Phil had a direct hand in the founding of the California Map Society. Together with Diane M. T. North, who was then a Ph.D candidate at UC Davis, he co-convened a meeting at the Bancroft Library in May 1978, which was the inaugural gathering of the California Map Society. North recalled her long relationship with Phil: “Phil’s knowledge of and deep enthusiasm for maps, all maps, seemed boundless. Anyone privileged to have the opportunity to be guided by him and work alongside him benefited from his professionalism, patience, generosity, and quiet sense of humor.”
Phil had a longstanding interest in fire insurance maps, including local California maps, produced by the Dakin Publishing Company and he published on the subject. His most important publication, compiled together with William S. Peterson-Hunt and Evelyn L. Woodruff, is a reference tool of enduring value to map librarians and researchers, the Union List of Sanborn Fire Insurance Maps Held by Institutions in the United States and Canada, originally published in 2 volumes by the Western Association of Map Libraries in 1976-1977. The Earth Sciences and Map Library maintains an updated online version on its website which documents Phil’s hard work.
Together with UCSB map librarian Mary Larsgaard, Phil also co-authored a reference resource which historically has been useful to map librarians, the Dictionary of Abbreviations and Acronyms in Geographic Information Systems, Cartography, and Remote Sensing.
Will Murdoch, a book cataloger at the California Historical Society, who worked with Phil from 2015 until 2019, shared his memories of Phil:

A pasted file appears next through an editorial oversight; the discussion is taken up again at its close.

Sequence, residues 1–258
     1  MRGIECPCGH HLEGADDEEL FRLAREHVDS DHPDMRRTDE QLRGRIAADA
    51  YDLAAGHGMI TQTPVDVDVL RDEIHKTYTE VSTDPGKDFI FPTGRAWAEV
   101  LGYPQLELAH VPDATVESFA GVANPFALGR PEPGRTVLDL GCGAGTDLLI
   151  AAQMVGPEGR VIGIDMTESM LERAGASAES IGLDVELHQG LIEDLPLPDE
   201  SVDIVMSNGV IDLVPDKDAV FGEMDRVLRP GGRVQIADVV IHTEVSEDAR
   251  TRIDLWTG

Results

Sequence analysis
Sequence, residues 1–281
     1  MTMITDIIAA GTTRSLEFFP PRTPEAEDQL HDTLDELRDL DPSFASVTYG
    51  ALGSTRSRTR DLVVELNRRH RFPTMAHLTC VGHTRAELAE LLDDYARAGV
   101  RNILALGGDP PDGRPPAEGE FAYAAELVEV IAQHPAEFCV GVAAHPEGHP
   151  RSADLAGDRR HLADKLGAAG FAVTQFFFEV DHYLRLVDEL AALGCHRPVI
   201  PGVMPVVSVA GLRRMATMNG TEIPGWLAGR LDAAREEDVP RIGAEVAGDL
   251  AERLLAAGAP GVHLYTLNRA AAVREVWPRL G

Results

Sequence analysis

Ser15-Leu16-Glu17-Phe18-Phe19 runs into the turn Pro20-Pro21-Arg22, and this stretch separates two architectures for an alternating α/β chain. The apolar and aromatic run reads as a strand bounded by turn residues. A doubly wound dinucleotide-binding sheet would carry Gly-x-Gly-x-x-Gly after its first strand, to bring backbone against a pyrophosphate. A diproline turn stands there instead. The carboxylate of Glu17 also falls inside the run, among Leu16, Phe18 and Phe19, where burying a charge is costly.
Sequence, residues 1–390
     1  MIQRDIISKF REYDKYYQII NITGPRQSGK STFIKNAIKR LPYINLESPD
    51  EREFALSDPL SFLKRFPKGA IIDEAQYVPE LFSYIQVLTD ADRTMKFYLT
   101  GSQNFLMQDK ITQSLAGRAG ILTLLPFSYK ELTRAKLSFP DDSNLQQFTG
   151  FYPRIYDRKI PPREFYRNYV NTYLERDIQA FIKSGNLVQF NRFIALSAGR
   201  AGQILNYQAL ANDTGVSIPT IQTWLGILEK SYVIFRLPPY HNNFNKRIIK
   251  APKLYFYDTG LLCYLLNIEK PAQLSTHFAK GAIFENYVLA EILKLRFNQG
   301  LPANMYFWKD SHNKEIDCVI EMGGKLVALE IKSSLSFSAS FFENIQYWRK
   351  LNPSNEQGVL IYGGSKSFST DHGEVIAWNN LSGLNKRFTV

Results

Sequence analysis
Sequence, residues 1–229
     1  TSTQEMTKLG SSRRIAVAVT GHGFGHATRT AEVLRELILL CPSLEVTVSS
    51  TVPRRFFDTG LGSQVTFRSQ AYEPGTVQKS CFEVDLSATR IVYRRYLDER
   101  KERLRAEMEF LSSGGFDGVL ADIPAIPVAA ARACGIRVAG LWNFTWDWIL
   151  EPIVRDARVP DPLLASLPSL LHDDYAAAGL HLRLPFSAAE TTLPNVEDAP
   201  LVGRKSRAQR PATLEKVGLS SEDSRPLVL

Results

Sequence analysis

He was my mentor and work colleague in the CHS Library. I cataloged books and Phil processed the maps in that collection. We shared a lot of fun discoveries with each other and learned about the depth of the CHS archives. It was an education for me as Phil’s background was extensive and he was so kind to share his knowledge with me. I miss him and our work together there.
Phil Hoehn played an important role in building the rich and diverse map collections on the Berkeley campus. As a map librarian, map bibliographer, metadata specialist Phil was instrumental in providing expert resource discovery for cartographic resources at many institutions throughout the Bay Area. More important than his professional qualities, however, Phil excelled as a colleague, mentor, and friend. Everyone who knew him and worked with him was made better for the experience.
Randal S. Brandt, Bancroft Library
Heiko Mühr, Earth Sciences & Map Library
Susan Powell, Earth Sciences & Map Library